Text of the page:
I relieved the thread with some very light cuts for a few millimetres - the bell mouth fits perfectly now:

Sunday, 24 April 2022

SQ4 Luggage Carrier

 The Four has never had a luggage carrier - they are pretty unusual for that period in Ariel history if surviving examples are anything to go by. Tom and I have a notion to do the VMCC Round Norfolk run this year, and I had realised that I really needed something better than 1958 Pattern Webbing 'Large Packs' suspended from the rear mudguard.

So, we start with the carrier - the ladder part is available from AOMCC Singles Spares:

It’s very nice indeed - 18 swg cold rolled sheet. Loosely laid on the lifting handle, which is not fitted when the carrier is used we can see how it’s going to look:

The members of the ladder frame are about 1/2" wide, so we will use 1/2" tubing for the stays.

The rear stays are swaged to one side - I have arranged two heavy rolled steel angles in the vice with the tube clamped against them, and I squash the tube between this and one side of my swaging die, as shown below:

The test piece comes out reasonably well:

The front stays are swaged both sides, so I need two shaped swaging dies:

The first attempt at rear stays is a bit long, leading to the carrier sitting too high:

I believe this is Markus Nikot's KH, with original carrier. See how low it is compared to the rib in the mudguard?

Shortening the stays has mine in a similar position:

Now, it doesn't appear that the ladder provides the strength the carrier needs to replace the lifting handle, or to carry much of a load without failing through fatigue so we will connect the front and rear stays with a solid 3/8" bar. The bends in these are made with a mitre cut 2/3 of the way through the bar and welded up again:

The original luggage carrier on my Model A has the rearmost member, the one you want to grip to pull the bike onto the rear stand, rolled into a tubular shape around a solid bar - which makes it much nicer to hold. I've replicated the arrangement with a piece of 3/8" folded into the rear-most rung of the ladder:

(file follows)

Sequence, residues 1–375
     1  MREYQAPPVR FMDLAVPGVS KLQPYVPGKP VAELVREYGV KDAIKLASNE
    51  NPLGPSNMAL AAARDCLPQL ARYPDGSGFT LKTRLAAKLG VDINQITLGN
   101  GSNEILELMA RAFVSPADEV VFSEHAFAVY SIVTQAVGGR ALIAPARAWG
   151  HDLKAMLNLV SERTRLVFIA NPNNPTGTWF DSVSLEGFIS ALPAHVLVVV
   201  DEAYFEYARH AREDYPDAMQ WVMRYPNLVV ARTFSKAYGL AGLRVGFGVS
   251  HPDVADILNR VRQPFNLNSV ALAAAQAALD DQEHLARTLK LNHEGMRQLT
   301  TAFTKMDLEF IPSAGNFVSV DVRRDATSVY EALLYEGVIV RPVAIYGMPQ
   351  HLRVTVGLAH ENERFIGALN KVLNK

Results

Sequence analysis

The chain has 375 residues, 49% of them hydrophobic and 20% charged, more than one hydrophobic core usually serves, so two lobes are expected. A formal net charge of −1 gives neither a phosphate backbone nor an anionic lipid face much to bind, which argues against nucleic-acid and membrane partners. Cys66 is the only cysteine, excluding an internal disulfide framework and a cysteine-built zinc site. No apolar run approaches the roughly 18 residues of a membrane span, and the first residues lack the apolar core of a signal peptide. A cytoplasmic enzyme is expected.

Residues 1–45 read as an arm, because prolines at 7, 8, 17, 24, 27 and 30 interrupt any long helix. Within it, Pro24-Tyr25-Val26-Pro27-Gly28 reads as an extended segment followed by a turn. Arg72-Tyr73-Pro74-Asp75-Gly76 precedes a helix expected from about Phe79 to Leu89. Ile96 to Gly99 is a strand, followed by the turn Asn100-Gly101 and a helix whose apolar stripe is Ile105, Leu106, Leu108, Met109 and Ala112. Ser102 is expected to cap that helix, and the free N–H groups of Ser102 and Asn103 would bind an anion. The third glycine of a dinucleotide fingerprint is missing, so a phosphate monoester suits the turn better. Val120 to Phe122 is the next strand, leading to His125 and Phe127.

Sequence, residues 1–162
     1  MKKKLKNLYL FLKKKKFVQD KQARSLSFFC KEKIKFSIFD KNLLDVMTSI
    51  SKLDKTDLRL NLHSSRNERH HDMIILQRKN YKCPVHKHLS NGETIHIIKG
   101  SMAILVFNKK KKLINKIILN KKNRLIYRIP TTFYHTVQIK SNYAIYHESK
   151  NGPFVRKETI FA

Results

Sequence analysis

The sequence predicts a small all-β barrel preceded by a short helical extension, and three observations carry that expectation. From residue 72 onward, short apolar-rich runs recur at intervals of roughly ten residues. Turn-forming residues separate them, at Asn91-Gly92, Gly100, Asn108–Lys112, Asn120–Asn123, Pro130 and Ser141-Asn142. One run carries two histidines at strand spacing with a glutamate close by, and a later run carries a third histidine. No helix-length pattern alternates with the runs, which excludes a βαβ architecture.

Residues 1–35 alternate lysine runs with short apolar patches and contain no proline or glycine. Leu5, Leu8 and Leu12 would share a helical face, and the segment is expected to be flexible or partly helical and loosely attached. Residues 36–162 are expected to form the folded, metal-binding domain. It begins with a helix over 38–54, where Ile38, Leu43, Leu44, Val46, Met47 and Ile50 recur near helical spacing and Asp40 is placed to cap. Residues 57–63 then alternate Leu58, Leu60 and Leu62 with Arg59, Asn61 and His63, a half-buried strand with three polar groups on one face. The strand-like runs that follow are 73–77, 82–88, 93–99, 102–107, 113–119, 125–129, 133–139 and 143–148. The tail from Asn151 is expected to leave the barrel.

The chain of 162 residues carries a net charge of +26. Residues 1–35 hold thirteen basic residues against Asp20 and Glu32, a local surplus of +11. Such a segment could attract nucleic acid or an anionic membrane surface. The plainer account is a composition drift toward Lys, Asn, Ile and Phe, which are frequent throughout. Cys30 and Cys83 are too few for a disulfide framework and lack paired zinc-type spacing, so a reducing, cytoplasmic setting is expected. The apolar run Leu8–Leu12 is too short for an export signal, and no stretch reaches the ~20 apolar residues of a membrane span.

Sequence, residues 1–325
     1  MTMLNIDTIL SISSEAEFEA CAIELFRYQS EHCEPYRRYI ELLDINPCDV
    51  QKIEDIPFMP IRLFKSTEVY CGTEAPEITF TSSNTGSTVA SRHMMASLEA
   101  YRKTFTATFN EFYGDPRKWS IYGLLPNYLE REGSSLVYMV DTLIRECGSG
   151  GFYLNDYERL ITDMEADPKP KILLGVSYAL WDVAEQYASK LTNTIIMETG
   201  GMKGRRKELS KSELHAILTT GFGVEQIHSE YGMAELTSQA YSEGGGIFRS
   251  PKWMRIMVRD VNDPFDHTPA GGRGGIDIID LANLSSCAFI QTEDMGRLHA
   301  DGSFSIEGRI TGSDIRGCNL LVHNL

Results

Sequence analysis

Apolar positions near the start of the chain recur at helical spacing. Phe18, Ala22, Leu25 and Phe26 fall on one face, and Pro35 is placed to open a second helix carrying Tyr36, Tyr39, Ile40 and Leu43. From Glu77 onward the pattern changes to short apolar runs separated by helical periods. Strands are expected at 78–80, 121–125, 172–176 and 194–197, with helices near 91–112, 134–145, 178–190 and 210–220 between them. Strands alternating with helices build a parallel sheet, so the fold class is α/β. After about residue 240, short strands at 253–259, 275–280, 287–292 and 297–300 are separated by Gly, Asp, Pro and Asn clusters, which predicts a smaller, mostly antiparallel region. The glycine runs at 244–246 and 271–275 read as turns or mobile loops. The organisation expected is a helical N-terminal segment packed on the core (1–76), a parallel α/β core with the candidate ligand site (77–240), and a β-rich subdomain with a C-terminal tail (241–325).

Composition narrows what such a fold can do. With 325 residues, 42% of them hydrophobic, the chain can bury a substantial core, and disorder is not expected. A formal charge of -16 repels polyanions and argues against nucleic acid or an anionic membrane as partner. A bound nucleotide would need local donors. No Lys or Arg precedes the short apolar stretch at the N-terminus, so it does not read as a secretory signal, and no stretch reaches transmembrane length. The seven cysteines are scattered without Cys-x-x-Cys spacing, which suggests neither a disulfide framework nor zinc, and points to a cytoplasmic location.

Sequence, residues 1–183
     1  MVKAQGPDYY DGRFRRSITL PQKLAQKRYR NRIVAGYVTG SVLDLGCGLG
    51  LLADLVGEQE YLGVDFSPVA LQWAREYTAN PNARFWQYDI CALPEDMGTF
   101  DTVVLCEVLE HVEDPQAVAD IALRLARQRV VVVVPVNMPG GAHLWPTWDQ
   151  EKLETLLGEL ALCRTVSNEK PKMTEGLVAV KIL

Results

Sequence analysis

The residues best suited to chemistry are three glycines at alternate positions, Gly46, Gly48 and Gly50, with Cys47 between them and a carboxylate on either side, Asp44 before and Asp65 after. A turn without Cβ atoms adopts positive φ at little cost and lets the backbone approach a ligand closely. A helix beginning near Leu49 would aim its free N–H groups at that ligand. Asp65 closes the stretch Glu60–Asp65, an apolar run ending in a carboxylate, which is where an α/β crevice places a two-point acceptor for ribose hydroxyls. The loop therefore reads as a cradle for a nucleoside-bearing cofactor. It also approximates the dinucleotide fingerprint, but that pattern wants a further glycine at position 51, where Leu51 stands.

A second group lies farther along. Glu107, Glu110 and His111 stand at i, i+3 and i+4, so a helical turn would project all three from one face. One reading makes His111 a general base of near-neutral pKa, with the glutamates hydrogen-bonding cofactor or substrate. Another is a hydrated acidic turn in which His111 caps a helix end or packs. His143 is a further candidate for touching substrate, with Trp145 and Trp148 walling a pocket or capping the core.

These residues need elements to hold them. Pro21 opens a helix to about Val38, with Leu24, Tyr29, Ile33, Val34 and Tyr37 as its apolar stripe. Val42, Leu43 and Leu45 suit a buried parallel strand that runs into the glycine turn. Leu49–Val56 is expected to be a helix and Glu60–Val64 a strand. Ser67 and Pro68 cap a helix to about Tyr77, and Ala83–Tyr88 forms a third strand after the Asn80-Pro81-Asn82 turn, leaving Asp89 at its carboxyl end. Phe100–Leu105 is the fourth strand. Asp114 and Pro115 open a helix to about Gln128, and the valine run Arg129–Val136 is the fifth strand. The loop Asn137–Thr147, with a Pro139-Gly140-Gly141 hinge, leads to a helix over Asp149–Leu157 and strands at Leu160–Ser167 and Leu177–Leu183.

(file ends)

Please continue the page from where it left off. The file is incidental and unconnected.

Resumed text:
Here it is, swaged in:

Next step is to weld the bars into the stays while they are in position on the bike. These are just tacks, and the welds were completed off the bike:

The carrier is coming on nicely and looks the part. Having got this far, I could investigate how the carrier interrupted the raising of the mudguard; in fact, the guard hits the wheel at the bottom long before the carrier hits the seat, so you have to remove the wheel to find out if it really still works.

Here's the round lifting bar welded in at each end:

The next step is to attach the ladder to the side bars. I want to preserve the shape of the pressing, so I have decided to plug weld the ladder to the bars from above. I've realised that the secret to good plug welding is to drill a big enough hole such that the arc strikes the bar underneath, and not the edge of the hole - then you can back fill the hole completing the weld in a controlled fashion. These holes are 8 mm:

I tacked through these holes to fix the whole carrier together whilst it was still on the bike. When I removed it, I welded the stays to the carrier on the inside, and left the outside free of weld to emulate the original.

Next I finished off the plug welds:

The final step is to dress the welds and apply some paint, then when it's dry and hard we can reassemble the back end of the bike.

And here it is, with several coats of U-Pol:

It's actually bent down slightly at the front, drive side corner

It might need a bit of adjustment, but it looks good for now!